ANTH 2301: Introduction to Cultural Anthropology
This class explores the basic concepts, theories, and methods of cultural anthropology. It explores variations in cultural values, social practices, religion, rules of law, and worldview in different cultures around the world. It also focuses on understanding the forces that shape cultures and societies, and how they adapt to a rapidly changing world. There will be two field trips during regularly scheduled class periods - one to a local ethnic restaurant and one to the International Museum of Cultures.
Faith Nibbs is a PhD Candidate and Adjunct Lecturer in SMU's Department of Anthropology who has received her Honors BA, MA, and PhD candidacy all within this discipline. Her bio is featured as a recruiting tool on the SMU Graduate Studies webpage (http://smu.edu/graduate/profiles-fnibbs.asp).
Learning Outcomes and Benefits
- Students will be able to recognize and contribute to a culturally diverse world
Distinguish the major figures in cultural anthropology (Boas, Malinowski, Mead, Radcliffe-Brown, Geertz), identify anthropology’s contribution in documenting worldwide cultural diversity, and have an in-depth familiarity with at least one ethnography of a non-Western culture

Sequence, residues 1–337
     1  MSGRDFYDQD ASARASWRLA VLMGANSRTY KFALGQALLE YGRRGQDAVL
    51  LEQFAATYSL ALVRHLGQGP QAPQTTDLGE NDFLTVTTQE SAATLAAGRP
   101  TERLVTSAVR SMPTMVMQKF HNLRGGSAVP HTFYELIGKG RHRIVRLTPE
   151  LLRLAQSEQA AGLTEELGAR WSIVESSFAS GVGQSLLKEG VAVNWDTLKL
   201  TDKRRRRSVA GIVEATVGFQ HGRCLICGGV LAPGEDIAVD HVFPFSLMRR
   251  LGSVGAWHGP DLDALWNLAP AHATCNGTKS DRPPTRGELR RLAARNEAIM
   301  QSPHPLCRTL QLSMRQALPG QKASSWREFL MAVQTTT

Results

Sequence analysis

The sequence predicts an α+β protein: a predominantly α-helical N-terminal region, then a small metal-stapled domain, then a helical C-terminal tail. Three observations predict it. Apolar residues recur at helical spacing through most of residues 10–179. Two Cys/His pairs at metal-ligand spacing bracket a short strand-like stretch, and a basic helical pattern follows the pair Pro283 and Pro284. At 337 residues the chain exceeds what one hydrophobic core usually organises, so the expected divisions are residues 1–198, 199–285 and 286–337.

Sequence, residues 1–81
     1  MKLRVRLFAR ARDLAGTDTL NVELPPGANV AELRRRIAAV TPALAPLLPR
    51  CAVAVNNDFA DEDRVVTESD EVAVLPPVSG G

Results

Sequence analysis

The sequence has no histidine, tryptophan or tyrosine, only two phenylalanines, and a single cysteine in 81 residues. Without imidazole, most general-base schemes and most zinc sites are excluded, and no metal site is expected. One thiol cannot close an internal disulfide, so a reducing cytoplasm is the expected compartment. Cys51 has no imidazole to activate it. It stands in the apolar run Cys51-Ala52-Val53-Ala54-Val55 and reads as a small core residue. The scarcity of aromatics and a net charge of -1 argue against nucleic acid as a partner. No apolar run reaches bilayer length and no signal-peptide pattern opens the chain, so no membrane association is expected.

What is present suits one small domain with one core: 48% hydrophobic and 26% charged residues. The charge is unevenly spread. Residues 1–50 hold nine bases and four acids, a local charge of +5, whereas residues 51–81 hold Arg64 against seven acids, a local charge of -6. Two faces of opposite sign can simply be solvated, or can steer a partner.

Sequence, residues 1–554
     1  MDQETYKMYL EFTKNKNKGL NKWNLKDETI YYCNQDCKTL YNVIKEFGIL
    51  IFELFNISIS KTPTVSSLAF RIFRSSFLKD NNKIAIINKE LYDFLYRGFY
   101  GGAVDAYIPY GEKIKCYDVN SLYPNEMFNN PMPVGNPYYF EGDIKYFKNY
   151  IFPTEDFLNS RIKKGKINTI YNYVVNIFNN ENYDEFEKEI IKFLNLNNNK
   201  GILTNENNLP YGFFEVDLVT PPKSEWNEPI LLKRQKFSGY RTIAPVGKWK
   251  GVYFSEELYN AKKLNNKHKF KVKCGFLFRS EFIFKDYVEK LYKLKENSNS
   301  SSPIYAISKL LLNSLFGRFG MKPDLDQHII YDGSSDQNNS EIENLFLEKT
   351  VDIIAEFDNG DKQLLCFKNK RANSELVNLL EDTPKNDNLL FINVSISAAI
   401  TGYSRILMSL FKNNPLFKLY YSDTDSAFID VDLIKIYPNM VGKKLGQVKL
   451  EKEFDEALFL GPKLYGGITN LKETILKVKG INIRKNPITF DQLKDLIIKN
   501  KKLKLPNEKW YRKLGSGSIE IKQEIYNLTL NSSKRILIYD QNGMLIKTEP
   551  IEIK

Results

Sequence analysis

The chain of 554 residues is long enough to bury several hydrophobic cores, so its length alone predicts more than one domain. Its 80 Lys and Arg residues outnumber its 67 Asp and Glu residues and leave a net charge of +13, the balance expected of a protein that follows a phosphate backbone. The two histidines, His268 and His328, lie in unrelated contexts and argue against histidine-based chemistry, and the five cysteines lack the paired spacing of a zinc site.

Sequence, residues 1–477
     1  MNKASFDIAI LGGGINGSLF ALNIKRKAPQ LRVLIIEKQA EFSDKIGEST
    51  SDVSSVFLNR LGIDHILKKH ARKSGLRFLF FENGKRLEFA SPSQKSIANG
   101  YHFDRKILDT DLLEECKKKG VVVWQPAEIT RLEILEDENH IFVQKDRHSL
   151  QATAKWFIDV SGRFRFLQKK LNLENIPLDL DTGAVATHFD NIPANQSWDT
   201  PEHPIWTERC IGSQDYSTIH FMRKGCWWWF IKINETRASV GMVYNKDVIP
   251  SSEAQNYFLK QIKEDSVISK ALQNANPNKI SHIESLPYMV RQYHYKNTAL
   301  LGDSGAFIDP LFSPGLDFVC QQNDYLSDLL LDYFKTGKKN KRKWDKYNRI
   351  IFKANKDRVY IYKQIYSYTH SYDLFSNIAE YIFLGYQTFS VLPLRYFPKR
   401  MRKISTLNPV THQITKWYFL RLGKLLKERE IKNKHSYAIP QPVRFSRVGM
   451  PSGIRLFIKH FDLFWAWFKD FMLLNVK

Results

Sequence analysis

- Students will be able to utilize the comparative perspective to better understand both their own culture and other cultures
Describe the various kinds of subsistence strategies used around the world, distinguish the many different kinship structures that exist and the role of kinship in culture, and compare and contrast the different forms of political organization that have been documented by anthropologists
- Students will be able to think critically about contemporary social issues and apply anthropological concepts to their everyday lives
Explain the different anthropological perspectives on race and ethnicity (instrumentalism and primordialism), recognize the importance of gender and class in contemporary anthropological work, utilize anthropological concepts (participant observation, cross-cultural perspective, etc.) and interpret a component of their own lives (family, job, neighborhood) using these concepts